Seven... SSD sizzlers
Speed-boost upgrades for your laptop
Product Round-up While there’s no escaping the fact that solid-state drives are still expensive, they are steadily getting cheaper and the capacities are increasing. For the average PC user to be convinced that it is a must-have upgrade, the performance benefits would really need to be experienced.
Costs aside, no doubt concerns as to whether a system would actually benefit significantly from installing an SSD without the latest and greatest I/O bus is another factor and an area that this round-up examines.
To give you an idea of what's out there that can deliver those super sweet performance numbers, without draining your savings, this round-up looks at mostly 128GB drives with a focus on Sata 2 performance measured with Crystal DiskMark. If budget is of no concern to you, a couple of the latest Sata 3 models are included for good measure.
Corsair Force 120GB
Corsair doesn’t include any additional kit, just the 3.5in adapter plate and accompanying screws should you wish to use the drive in a full-size tower. No additional software or accessories. The Vertex 2 packs an SF-1200 controller from SandForce. In the past several manufacturers have used this controller with great success, such as OCZ, Patriot and, of course, Corsair. Despite all the praise it received, the SF-1200 is an early 2010 design and as such now seems to show its age, unable to see 200MB/s in any operation, things aren’t looking so good. It does, however, still perform fantastically with smaller operations, ousting most of the competition except some of those featuring newer Marvell controllers. If you’re looking for a more affordable low-capacity boot drive then these models are a great choice, but they’re certainly not top of the charts anymore.
Reg Rating 75%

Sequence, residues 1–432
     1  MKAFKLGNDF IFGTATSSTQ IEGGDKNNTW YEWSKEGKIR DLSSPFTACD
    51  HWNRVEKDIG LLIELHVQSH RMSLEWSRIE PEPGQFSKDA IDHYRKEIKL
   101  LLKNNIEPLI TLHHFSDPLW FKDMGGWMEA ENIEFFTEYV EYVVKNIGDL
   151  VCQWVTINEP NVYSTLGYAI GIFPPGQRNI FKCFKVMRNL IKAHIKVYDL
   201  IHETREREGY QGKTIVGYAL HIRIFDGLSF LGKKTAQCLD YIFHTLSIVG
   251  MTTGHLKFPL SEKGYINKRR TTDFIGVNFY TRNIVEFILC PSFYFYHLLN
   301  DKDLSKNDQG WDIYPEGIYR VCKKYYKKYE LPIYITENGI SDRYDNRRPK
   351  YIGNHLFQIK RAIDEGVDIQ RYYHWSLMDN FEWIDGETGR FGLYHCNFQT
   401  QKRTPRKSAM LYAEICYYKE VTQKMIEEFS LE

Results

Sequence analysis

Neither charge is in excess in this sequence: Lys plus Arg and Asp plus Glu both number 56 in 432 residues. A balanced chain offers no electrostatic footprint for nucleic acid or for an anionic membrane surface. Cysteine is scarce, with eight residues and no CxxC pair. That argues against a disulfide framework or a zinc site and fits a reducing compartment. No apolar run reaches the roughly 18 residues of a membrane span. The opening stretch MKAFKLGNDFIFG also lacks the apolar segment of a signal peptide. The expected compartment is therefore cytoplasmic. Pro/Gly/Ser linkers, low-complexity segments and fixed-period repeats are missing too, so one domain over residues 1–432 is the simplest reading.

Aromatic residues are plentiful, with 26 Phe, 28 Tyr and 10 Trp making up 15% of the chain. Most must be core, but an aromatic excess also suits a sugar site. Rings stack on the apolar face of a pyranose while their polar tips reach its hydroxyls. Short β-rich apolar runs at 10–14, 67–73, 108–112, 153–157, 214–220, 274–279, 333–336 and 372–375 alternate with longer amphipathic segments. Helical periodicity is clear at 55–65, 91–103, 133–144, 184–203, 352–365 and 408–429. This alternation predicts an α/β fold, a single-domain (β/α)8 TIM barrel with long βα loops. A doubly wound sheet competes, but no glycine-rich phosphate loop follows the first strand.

Price £170 (120GB), £250 (160GB)
More Info Corsair
Next page: Crucial M4 256GB
Drive size is important
Drive size is important whilst benchmarking as the lower capacity drives have less chips rather than smaller ones. This means you can have fewer active data paths and so the smaller drives are slower. 3 of the 7 drives in this test used larger drives and so they will show greater performance than you would have seen with all 128GB drives. So its not exactly a fair comparison.
UK site, prices qoted in GBP so why are the links to amazon.com not .co.uk?
Couple of tips...
I bought a 40GB SSDNow about 18 months ago, best/biggest I could afford without various TRIM and stuttering issues. Promptly installed Windows 7 on it and it really will transform your computer!
Bear in mind, by default, Windows will create a swap file and a hibernate file the same size as the RAM in your PC, in my case, it created 2x 8GB files, that is instantly 16GB of the 37GB available plus Windows itself. Add in Apple and Chrome creating all their data files on the C partition without asking and you will run out of space very, very fast!
I've made my swap file 512MB, switched off hibernate and system restore and used 'mklink' to create junction points to move things like Apples backups to the spinning disks. Happy enough at the moment but currently looking at drives around the 120GB mark. It's also worth noting that many controllers perform much worse with smaller drives so if you are comparing performance figures, it must be on the size of the drive you are considering.
Using these drives for backup is ridiculous. Use 2TB drives in RAID-1 instead.
These drives are performance enhancers, not volume storage.
At normal usage levels (ie not hammering them with 100GB of backup data per night) this current generation of SSDs should last about 10 years according to most recent studies on the subject.
Remember, mechanical drives fail too. Often well before 10 years if they are in regular use. The difference with an SSD is that the moment of failure is (usually) predictable and measurable.
In terms of power, SSDs generally use a little less than mechanical drives.
All current generation should have TRIM support, with some of the newer/newest ones not really even needing it as the controllers have started running their own garbage collection.
I think Tom's or Anand has much more info on the topic - and apologies in advance if I'm not exactly accurate with my comments above.